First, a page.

Does this scenario sound familiar? You read LinkedIn’s post about testing your Sponsored Content. You thought you’d give it a try and wrote a few ads which have been running ever since… …and you never got around to testing them.
If this is you – don’t worry – you’re not alone. Taking time to create, run, and revisit test ads is one of the things marketers love to forget to do. Or, if you are at an agency and you’re juggling dozens of clients, you simply may not have the time to give LinkedIn the attention it deserves. I get it, believe me.
So, let me show you how I set up my latest LinkedIn Ad tests in the hopes of giving you another bump to give it a try. Obviously, having AdStage would make all of this a lot easier, but I’ll give you step by step instructions in case you do not. (Sales Pitch: At least start the AdStage trial to use it for this test…it’s free and does not require a credit card.)
Step 1 – Creative Strategy
If you already have creative running and you just want to try some new images or copy, it’s easy. Pick your best performers and write some ads with new images or updated text.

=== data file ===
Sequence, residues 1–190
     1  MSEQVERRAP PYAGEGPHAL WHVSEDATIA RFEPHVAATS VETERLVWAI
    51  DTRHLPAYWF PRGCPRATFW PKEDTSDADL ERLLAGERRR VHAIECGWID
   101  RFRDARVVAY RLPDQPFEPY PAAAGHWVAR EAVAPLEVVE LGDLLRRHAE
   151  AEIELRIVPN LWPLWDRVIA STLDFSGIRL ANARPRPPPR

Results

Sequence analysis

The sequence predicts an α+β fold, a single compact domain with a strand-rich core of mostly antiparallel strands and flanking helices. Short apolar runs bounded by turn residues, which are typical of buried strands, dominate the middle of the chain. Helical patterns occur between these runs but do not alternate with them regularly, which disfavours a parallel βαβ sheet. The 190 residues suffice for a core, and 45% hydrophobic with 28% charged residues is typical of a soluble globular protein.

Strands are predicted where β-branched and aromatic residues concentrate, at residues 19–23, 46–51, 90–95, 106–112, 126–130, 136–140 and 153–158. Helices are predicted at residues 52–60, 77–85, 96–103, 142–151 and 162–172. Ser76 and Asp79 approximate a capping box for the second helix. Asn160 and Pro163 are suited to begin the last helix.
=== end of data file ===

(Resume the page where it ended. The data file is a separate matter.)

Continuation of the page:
In this example, I was starting from scratch and needed to spend a little time thinking about my audience and what my ads were trying to achieve. So, I took the time to jot down answers to these questions:
Who is the audience?
What is their goal and how can I help them achieve it?
What emotion do I want to appeal to?
What tactics will I use to convince them?
LinkedIn says, “Consider running at least four [ads] for any major campaign” and “two weeks is the minimum amount of time recommended [to run a test].” Since my goal was to set up this test and walk away for more than a month I wanted to run at least 12 ads. That way, I could run 4 ads every two weeks. I’m also assuming you have a “control” ad that will always be running (just in case your test ads are terrible) so that leaves 9 new ads to be created.